PEACE CRANE by Sheila Hamanaka

PEACE CRANE

by & illustrated by
Age Range: 8 & up
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KIRKUS REVIEW

 The African-American narrator of this apostrophic verse has heard the story of Sadako's thousand paper cranes; the crane, traditional Japanese symbol of longevity, represents her hopes for peace, both in her violent urban milieu and the world. A dream flight (through old-growth forests, over whales, and above the homeless on city streetsmany concerns are pulled in here) culminates in an apotheosized vision of Sadako in a cloud of paper cranes. The cotton-candy colors of this spread contrast with the menacing purples and blues and large expanses of black in the city scenes and the flaming orange-red and yellows of a blast site. Adults may wish to compare Hamanaka's pictorial uses of the crane with Ed Young's Sadako (1993), the picture book abridgement of Coerr's Sadako and the Thousand Paper Cranes (1979). Despite rather muddled imagery and a labored, intermittent rhyme scheme, readers will respond to the earnestness of its sentiments, especially those who know Coerr's book. They may question Hamanaka's statement that Sadako folded a thousand paper cranes; as the story goes, Sadako died before she was done, and other childrenin tributecompleted her work. (Picture book. 8+)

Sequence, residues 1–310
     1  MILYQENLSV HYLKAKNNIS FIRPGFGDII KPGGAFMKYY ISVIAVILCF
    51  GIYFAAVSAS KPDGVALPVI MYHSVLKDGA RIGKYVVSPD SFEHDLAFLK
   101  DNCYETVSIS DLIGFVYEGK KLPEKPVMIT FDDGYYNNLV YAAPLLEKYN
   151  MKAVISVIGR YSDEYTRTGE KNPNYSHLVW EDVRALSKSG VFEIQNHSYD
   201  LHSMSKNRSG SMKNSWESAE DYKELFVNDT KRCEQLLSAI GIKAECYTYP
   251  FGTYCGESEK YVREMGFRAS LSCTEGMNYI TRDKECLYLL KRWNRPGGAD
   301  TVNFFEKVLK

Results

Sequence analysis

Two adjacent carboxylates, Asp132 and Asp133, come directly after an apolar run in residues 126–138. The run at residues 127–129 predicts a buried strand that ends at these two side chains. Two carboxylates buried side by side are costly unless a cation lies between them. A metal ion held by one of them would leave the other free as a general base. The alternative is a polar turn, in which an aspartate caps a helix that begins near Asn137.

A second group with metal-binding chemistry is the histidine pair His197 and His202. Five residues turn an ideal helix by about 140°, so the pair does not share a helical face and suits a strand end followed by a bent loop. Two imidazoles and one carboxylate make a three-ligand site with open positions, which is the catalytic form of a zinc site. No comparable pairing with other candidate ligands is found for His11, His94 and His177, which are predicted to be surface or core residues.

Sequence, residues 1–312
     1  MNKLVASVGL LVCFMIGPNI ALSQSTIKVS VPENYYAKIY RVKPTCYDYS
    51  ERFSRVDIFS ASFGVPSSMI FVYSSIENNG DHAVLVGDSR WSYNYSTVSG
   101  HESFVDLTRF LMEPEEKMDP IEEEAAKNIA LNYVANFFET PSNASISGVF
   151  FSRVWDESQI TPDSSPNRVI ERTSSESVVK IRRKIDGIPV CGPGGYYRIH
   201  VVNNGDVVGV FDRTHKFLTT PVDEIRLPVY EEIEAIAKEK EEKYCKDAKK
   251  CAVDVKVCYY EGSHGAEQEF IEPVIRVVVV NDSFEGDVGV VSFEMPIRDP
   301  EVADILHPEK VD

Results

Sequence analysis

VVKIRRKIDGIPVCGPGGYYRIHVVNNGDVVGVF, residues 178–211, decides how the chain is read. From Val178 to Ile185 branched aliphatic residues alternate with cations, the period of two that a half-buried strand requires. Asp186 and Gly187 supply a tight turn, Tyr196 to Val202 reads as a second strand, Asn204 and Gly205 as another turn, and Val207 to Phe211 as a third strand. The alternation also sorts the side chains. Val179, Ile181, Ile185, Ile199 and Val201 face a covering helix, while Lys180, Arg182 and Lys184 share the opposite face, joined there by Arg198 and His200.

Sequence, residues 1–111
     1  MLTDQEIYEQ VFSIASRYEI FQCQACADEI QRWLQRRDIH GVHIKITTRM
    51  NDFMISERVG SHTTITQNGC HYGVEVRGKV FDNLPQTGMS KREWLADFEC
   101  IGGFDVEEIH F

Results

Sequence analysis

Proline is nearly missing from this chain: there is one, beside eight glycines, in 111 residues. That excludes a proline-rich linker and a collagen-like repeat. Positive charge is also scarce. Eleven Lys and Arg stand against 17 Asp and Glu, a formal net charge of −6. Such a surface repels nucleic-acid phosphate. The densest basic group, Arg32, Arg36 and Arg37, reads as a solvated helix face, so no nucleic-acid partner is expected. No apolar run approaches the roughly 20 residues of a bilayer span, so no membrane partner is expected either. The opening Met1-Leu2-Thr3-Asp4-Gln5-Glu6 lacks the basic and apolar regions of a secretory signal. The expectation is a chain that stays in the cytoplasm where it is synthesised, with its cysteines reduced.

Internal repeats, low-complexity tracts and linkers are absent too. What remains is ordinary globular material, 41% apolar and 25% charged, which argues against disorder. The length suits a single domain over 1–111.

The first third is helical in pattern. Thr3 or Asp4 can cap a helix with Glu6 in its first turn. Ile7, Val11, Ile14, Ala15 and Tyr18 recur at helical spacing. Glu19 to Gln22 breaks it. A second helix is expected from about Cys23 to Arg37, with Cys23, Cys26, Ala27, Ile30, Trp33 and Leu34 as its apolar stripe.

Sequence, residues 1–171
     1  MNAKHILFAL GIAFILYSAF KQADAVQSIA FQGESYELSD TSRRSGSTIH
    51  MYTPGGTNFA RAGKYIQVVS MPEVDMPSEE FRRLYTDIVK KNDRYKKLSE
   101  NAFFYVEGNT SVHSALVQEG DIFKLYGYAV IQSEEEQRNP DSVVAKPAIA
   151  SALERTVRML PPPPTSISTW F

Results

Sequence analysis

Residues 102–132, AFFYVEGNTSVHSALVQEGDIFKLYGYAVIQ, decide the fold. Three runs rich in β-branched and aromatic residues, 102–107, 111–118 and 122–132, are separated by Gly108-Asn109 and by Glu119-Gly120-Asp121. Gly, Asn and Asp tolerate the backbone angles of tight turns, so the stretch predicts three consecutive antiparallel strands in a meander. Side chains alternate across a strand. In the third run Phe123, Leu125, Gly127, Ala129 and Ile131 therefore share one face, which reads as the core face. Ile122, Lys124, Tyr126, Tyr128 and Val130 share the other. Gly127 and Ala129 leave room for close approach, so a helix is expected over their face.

Pub Date: Aug. 1st, 1995
ISBN: 0-688-13815-2
Page count: 40pp
Publisher: Morrow/HarperCollins
Review Posted Online:
Kirkus Reviews Issue: July 15th, 1995




WAGING PEACE IN PICTURE BOOKS:

ChildrenCAN YOU SAY PEACE? by Karen Katz
by Karen Katz
ChildrenGOD’S DREAM by Desmond Tutu
by Desmond Tutu
ChildrenMANNEKEN PIS by Vladimir Radunsky
by Vladimir Radunsky
ChildrenPEACE CRANE by Sheila Hamanaka
by Sheila Hamanaka

MORE BY SHEILA HAMANAKA

ChildrenGRANDPARENTS SONG by Sheila Hamanaka
by Sheila Hamanaka
ChildrenTHE HOKEY POKEY by Larry La Prise
by Larry La Prise
ChildrenBEBOP-A-DO-WALK! by Sheila Hamanaka
by Sheila Hamanaka

SIMILAR BOOKS SUGGESTED BY OUR CRITICS:

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